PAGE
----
Our history of microelectrode technology starts in the 1950s.
It wasn’t until 1953 that the first glass pipet microelectrode was used for extracellular recording (Rose, Science 1953). The glass pipette had a platinum wire inside, and it had a 10-micron tip. From there, there was a big development where Hubel developed the first microwire-based electrode (Hubel, Science 1957). This was a significant improvement because of the mechanical durability of wires compared to glass. He was able to record from the cat dorsal root for periods up to an hour. Later in that decade, Strumwasser reported using the first microwire bundle, an array consisting of four wires (Strumwasser, Science 1958). He was able to record for up to seven days.
Those involved in operant conditioning studies may be familiar with the Olds work from 1965 which used nine nichrome wires for recordings lasting up to seven days and with 50% yield of action potentials (Olds, Brain Research 1965). In 1967, Naka reported the use of tungsten microwires (Naka, Brain Research 1967). These were 127-micron diameter with 1-micron tips, and he was able to record up to one month with them.
In 1969 there began a revolution.
Wise reimagined what a neural electrode would look like, using silicon as a substrate and using MEMS-based technologies (Wise, Conf on Engineering in Med and Biol 1969). His was the first report of an electrode developed with silicon substrate and silicon dioxide dielectrics. Then, in 1971, the National Institutes of Health (NIH) formed the Neural Prosthesis Program to push the field forward by bringing researchers together to collaborate and to disseminate new developments within the area of neural engineering and neural interfaces. In 1973, the Bak electrode was reported, contributing the first flexible interconnect for microelectrode packaging (Salcman & Bak, IEEE Trans BME 1973). Schmidt then reported recordings with iridium wires coated with parylene C. He was able to record 223 days (about 7 and a half months) in monkey cortex (Schmidt, Experimental Biology 1976). Finally, in 1988 was the first report of the Michigan probe, a silicon probe in vivo (Drake et al., IEEE Trans BME 1988), which demonstrated the value of a laminar array: simultaneous recordings at multiple depths.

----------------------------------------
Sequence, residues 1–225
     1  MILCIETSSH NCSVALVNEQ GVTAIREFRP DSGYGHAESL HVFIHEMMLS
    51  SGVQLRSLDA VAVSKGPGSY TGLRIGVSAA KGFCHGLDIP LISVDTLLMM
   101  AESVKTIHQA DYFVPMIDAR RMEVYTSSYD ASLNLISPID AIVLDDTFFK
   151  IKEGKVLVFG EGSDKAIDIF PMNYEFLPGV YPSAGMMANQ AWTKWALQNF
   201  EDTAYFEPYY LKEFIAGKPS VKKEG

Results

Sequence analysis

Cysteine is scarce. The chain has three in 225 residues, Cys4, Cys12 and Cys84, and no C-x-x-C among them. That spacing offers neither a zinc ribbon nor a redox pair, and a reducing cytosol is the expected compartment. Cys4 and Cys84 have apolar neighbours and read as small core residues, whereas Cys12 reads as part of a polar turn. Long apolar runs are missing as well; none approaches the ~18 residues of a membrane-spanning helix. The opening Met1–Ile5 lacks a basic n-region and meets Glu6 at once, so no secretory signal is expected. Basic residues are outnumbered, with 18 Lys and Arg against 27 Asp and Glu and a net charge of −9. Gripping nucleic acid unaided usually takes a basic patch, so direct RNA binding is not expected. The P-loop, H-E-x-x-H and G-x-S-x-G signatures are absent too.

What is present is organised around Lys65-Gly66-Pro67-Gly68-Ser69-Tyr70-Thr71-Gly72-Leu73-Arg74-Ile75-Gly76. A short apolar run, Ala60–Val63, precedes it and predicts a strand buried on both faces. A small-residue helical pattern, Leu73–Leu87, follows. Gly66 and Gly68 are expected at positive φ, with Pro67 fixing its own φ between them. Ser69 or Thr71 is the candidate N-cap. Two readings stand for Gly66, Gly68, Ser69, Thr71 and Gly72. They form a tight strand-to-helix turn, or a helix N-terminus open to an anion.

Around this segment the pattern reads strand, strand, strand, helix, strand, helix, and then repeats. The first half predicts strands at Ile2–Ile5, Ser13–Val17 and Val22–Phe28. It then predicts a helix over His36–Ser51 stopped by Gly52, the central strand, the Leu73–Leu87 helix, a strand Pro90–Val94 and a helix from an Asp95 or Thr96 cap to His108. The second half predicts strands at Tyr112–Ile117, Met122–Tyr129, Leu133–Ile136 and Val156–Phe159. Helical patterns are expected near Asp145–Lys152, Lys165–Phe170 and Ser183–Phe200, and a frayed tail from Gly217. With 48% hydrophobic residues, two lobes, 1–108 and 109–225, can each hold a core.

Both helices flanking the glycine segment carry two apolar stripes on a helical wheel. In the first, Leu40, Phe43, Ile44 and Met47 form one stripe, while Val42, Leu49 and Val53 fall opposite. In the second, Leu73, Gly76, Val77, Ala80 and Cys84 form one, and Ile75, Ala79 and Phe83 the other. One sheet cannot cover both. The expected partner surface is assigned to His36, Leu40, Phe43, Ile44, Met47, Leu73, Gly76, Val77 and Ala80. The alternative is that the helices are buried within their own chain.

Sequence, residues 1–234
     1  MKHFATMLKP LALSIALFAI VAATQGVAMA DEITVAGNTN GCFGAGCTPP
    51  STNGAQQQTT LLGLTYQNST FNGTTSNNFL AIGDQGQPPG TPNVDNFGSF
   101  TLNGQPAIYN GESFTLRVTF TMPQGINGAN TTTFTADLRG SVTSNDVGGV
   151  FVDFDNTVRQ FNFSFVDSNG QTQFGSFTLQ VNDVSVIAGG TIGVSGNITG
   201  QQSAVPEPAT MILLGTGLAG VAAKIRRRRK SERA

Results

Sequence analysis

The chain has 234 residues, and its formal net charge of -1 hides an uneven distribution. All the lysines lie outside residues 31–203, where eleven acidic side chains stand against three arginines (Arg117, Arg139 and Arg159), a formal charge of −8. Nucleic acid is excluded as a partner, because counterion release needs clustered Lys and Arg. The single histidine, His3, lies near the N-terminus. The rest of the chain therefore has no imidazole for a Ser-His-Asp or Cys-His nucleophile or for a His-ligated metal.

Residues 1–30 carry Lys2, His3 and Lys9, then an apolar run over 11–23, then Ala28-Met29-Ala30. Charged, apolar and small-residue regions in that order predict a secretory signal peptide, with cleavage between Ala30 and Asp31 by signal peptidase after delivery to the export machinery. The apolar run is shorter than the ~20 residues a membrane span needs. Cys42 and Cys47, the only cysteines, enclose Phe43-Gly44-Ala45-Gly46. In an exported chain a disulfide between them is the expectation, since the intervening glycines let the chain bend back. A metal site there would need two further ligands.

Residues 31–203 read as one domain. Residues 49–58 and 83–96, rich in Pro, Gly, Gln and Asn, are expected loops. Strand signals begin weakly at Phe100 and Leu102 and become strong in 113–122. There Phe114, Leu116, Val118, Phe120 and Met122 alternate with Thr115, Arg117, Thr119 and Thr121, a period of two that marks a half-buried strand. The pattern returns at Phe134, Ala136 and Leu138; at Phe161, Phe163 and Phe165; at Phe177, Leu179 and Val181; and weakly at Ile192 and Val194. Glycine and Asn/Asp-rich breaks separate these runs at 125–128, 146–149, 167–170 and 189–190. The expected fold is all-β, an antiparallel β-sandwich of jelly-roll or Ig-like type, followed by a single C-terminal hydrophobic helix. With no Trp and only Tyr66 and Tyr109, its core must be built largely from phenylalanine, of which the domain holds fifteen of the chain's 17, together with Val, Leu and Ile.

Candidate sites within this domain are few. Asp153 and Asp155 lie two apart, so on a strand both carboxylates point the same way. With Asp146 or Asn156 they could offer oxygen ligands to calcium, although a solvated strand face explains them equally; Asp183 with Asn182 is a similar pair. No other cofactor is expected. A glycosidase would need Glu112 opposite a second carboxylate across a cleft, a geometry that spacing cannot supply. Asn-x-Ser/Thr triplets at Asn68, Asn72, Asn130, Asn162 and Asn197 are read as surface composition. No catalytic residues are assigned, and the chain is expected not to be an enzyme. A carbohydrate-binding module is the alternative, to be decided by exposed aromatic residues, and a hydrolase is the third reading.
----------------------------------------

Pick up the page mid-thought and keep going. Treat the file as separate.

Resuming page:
In 1994, the Center for Neural Communication Technologies (CNCT) was launched. This was an NIH-funded center that was in place for 10 years. It really amplified the efforts that were put into developing and refining the silicon probe technology, with a focus on acute probes. Acute probes are used temporarily and then taken out of the subject. The goal of CNCT was to disseminate silicon probes throughout the world for researchers that could use them.
Williams tested chronically implanted silicon probes in 1999 (Williams & Kipke, Brain Res Prot 1999). This work brought into context the electrode-electrolyte interface, as well as the value of impedance spectroscopy, which was used to understand that the failure mechanisms of silicon probes are both device or abiotic failure and biological foreign body response or biotic failure. Then, in 2003 and 2004 Kipke and Vetter reported the first chronic performance assessment of the Michigan probe, and were able to get reliable recordings for fifty-five weeks (over 1 year) in rats (Kipke & Vetter, IEEE Neural Sys & Rehab Eng 2003; Vetter & Kipke, IEEE Trans BME 2004).
In 2004, NeuroNexus was officially launched.